Golfers are ‘unaware’ of eco work golf clubs do

Alistair Dunsmuir
By Alistair Dunsmuir March 26, 2022 09:39

A new survey on golf sustainability has found that while many golf clubs carry out environmental best-practice measures, they could do better at communicating this to golfers.

The multi-market study by Sports Marketing Surveys (SMS) concludes that golf clubs have an opportunity to educate golfers about the sustainable practices they are baking into their day-to-day operations.

The research in the UK shows that over half of golfers are unsure whether their home course uses natural pest controls and fertilisers instead of chemical solutions.

A third of golfers in the UK are also ‘uncertain’ about what irrigation practices their clubs carry out.

There is also a lack of (at least perceived) solar energy usage at golf courses, according to the research.

“Now is the moment for golf clubs to shout from the rooftops about what they are doing to secure the future of the game and the planet,” said Richard Payne, director at SMS.

“We know many clubs are doing a lot of good work on their environmental footprints behind the scenes, and, with UK golfers expecting sustainability to become a more and more important focus in the next decade, this is the time for courses to make sure they are ahead of the curve in making their point.

“Visible changes like these cultivate a sense that we are all in this together and can be a spur to encourage golfers to boost sustainability efforts in their everyday lives.”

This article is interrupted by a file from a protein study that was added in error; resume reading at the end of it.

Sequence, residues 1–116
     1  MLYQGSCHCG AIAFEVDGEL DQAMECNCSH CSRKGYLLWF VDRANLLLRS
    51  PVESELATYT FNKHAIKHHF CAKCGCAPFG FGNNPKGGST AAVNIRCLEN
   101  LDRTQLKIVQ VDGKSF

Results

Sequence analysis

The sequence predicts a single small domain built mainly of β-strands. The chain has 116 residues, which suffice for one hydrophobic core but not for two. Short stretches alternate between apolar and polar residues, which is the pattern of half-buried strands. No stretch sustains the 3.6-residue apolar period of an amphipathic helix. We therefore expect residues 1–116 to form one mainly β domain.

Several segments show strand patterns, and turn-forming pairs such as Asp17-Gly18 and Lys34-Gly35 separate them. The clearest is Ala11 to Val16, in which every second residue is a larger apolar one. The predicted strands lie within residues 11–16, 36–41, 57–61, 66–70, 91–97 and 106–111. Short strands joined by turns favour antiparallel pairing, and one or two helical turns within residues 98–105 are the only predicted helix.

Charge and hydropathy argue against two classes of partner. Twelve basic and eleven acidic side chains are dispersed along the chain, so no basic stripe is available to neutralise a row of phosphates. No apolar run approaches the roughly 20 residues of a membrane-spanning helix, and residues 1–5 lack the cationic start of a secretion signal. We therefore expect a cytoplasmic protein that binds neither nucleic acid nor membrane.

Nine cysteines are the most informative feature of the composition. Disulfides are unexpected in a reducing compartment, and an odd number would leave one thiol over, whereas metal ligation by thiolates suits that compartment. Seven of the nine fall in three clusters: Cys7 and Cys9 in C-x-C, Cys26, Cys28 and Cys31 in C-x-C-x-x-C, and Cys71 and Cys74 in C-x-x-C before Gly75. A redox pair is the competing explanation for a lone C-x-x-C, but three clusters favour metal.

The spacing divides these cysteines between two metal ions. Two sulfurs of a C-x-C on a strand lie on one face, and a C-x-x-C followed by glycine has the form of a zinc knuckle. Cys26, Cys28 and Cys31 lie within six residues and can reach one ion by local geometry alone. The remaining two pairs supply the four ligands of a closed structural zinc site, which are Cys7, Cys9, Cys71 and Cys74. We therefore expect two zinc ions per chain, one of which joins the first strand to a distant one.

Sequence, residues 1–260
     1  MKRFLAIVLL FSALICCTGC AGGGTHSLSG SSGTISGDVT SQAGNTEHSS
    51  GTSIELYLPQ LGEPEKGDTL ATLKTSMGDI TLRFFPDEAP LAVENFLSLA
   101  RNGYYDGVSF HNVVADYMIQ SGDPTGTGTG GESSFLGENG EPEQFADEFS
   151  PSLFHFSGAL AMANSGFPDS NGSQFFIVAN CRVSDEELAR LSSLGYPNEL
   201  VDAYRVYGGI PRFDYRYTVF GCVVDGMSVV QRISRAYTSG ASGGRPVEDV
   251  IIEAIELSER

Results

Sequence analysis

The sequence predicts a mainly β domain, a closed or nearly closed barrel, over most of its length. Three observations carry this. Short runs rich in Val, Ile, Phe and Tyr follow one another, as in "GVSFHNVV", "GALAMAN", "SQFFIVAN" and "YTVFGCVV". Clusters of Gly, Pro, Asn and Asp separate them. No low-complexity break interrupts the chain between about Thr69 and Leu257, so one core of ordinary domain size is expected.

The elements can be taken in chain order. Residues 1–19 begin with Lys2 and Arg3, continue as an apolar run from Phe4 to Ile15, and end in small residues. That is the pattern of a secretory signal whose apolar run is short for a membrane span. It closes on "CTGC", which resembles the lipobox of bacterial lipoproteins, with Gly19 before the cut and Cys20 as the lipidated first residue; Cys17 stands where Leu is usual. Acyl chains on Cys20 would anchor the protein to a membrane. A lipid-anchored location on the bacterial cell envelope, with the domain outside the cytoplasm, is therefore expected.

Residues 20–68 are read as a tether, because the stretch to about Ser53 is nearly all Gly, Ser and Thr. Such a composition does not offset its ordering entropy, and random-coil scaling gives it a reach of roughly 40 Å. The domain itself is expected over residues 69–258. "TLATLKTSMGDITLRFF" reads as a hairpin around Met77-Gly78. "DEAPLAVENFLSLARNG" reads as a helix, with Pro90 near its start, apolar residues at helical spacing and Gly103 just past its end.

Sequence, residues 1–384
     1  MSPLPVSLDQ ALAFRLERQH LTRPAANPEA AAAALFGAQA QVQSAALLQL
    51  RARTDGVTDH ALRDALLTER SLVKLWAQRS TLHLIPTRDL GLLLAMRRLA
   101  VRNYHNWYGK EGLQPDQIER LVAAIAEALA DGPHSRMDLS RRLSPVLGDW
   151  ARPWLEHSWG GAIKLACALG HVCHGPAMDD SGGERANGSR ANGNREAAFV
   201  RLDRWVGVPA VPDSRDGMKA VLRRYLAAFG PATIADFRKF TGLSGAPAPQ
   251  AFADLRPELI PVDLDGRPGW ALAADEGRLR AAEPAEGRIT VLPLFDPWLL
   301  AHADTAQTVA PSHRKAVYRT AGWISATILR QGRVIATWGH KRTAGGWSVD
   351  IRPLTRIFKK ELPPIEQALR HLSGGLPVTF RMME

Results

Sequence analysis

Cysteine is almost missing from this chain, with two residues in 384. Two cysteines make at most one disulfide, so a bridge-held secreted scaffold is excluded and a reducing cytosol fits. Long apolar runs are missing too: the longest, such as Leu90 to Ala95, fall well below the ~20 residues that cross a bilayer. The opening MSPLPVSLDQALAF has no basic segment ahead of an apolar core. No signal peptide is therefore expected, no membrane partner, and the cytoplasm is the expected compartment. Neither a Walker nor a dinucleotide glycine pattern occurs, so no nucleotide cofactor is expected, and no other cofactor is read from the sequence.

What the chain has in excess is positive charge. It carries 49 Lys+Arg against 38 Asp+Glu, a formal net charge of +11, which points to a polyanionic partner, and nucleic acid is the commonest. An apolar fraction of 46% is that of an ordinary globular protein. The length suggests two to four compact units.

According to The R&A, golf course sustainability means: “Optimising the playing quality of the golf course in harmony with the conservation of its natural environment under economically sound and socially responsible management.” As courses move towards that ideal, golf may begin to see a move away from perfectly manicured and extensively watered properties and towards wilder looking but still high quality playing surfaces. Though the level of change achievable will vary course by course, factors including water management, fertilisation, aeration, top-dressing and mowing are all rife with opportunities for improvements in sustainability. According to The R&A, selecting the right grass can reduce resource inputs by 50 percent or more.


Alistair Dunsmuir
By Alistair Dunsmuir March 26, 2022 09:39
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1 Comment

  1. PaulC March 26, 18:38

    For many years this has been the case, greenkeepers & course managers instigating & practicing environmentaly friendly strategies in complete ignorance of their memberships or customers.The real shame is that this can also cause conflict & friction between those in the club or on the committee with the staff or employed management with members thinking their golf course should be kept neat & tidy like a luxury back garden akin to a vision of the course to look like Augusta. I just wonder how many of the club’s golfers really want to know even when excellent communication is in place. Their main driver seems to be “finding their ball in the rough” on any part of the course, having striped turf everywhere & never missing a 6 foot putt. It doesn’t have to be this way. Maybe an economic squeeze will make some club think again about how being the custodians of an important piece of land & potentially mixed habitat can be more financially sound & deliver a quality golf course.

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